Silencing boot messages
You should be able to achieve this with the kernel parameter
loglevel= All Kernel Messages with a loglevel smaller than the
console loglevel will be printed to the console. It can
also be changed with klogd or other programs. The
loglevels are defined as follows:
0 (KERN_EMERG) system is unusable
1 (KERN_ALERT) action must be taken immediately
2 (KERN_CRIT) critical conditions
3 (KERN_ERR) error conditions
4 (KERN_WARNING) warning conditions
5 (KERN_NOTICE) normal but significant condition
6 (KERN_INFO) informational
7 (KERN_DEBUG) debug-level messages
quiet [KNL] Disable most log messages
I am not sure at exactly what level this would be hidden (or how quiet you would like your boot to be).
reboot your computer, and at the grub menu hit
e to edit the boot parameters.
scroll down to the end of the
linux... line using the arrow keys
loglevel parameter or
quiet to the end of that line. example:
linux /vmlinuz-4.4.0-21.generic.efi.signed root=/dev/mapper/encrypted ro loglevel=4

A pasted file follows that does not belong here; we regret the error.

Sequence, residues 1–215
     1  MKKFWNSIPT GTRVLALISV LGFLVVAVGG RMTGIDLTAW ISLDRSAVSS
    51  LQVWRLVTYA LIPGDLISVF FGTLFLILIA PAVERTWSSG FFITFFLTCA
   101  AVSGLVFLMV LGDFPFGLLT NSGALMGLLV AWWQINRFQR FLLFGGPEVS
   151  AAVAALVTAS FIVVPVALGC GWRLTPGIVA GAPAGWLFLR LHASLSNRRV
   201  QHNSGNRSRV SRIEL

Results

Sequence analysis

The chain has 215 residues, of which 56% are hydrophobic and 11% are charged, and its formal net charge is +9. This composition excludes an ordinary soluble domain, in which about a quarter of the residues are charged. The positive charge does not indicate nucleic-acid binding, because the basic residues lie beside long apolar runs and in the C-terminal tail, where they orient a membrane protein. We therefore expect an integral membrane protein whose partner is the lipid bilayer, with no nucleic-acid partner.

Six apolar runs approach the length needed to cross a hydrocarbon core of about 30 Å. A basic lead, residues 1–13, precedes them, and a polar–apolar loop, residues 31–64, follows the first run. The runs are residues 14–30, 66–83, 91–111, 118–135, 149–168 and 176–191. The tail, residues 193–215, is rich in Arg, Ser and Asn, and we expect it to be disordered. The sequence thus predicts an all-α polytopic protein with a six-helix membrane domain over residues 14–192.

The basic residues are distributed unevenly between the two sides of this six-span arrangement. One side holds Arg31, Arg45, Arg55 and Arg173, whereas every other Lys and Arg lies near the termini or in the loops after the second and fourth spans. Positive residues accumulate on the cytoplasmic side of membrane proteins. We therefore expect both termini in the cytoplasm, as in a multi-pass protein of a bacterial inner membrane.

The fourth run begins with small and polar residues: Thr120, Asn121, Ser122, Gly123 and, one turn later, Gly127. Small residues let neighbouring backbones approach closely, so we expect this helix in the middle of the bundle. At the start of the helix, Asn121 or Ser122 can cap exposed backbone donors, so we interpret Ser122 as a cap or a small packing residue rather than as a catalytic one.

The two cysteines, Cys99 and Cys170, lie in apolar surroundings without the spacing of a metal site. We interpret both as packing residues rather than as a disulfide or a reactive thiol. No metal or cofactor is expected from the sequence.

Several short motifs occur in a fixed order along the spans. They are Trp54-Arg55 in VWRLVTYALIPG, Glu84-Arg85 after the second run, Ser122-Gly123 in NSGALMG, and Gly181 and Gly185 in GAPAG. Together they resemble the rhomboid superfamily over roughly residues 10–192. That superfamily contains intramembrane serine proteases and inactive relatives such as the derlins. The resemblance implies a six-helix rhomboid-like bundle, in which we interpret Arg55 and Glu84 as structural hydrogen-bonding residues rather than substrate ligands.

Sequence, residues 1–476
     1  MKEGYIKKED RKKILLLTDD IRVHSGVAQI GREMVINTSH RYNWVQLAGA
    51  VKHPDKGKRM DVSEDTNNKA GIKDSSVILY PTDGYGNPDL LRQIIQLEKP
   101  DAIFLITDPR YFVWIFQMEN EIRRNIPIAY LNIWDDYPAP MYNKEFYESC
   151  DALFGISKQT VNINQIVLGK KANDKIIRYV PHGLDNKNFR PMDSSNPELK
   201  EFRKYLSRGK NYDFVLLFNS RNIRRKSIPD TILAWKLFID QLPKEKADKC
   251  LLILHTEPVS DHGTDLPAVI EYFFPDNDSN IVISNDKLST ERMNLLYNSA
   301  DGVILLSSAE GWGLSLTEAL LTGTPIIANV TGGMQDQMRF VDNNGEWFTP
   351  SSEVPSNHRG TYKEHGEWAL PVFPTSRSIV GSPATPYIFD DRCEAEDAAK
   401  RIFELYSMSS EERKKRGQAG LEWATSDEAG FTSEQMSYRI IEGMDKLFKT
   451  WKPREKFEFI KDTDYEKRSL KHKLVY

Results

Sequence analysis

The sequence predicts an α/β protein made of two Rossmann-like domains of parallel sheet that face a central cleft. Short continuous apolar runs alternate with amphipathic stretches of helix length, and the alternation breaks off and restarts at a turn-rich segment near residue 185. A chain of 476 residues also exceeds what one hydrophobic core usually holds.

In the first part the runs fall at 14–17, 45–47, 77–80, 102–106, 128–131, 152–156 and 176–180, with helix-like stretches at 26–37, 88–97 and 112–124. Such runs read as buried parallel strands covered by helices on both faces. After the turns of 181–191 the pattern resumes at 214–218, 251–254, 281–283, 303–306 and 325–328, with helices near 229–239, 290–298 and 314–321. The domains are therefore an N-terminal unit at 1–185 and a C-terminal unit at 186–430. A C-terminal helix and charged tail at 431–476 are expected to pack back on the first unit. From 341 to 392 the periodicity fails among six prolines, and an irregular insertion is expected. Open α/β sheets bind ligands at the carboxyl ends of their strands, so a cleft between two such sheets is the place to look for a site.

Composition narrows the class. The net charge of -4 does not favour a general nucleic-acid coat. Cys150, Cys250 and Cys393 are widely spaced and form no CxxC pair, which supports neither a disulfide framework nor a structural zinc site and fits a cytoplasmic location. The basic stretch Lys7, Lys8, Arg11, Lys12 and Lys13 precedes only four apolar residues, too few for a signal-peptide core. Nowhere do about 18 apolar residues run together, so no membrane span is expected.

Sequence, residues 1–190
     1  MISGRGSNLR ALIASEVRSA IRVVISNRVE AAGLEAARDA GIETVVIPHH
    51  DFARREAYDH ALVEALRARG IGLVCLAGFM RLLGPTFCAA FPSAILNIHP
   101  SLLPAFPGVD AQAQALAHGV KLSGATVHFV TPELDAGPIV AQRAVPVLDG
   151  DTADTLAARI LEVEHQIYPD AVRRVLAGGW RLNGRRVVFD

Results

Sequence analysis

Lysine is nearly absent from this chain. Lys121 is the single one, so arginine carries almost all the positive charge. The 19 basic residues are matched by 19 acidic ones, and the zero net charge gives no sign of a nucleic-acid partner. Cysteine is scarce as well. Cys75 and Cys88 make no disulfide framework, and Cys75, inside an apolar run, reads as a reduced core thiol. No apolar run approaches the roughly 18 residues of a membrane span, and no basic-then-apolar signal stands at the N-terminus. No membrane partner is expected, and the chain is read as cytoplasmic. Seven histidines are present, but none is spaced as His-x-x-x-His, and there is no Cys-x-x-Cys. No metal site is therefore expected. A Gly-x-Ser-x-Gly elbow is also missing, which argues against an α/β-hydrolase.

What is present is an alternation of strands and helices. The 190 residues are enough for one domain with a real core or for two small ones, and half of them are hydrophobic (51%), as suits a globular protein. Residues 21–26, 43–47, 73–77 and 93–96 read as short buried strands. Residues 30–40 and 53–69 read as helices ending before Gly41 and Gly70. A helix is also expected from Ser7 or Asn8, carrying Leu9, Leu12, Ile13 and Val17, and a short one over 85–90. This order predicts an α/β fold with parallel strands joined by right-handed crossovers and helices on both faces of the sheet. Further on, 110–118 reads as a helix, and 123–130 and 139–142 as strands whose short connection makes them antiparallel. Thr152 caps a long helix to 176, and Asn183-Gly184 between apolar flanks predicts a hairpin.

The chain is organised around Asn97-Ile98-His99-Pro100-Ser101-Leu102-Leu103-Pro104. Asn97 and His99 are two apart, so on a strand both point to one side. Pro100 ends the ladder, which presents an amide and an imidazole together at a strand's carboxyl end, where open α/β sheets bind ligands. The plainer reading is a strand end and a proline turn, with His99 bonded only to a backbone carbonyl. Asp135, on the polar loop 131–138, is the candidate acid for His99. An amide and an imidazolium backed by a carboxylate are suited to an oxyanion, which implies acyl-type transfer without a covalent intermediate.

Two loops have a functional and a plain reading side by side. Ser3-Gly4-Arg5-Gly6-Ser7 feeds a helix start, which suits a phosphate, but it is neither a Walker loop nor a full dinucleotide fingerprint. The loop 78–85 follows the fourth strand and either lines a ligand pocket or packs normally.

linux /vmlinuz-4.4.0-21.generic.efi.signed root=/dev/mapper/encrypted ro quiet
when done editing, proceed to boot by pressing
To do this, edit
edit the line:
uncomment it if needed, and add the desired log level or quiet -- for example
remove fsck from initramfs
fsck is run by default by the initramfs. by removing it and having systemd run fsck we will be able to redirect the output.
man initramfs and wiki.ubuntu.com/Initramfs for more info on removing fsck from the ramfs.
From the arch wiki:
Now copy the files systemd-fsck-root.service and systemd-fsck@.service located at /usr/lib/systemd/system/ to /etc/systemd/system/ and edit them, configuring StandardOutput and StandardError like this:
In Ubuntu, these files are both located in
If the file system is not checked by the initramfs during boot, systemd-fsck-root.service will automatically be run.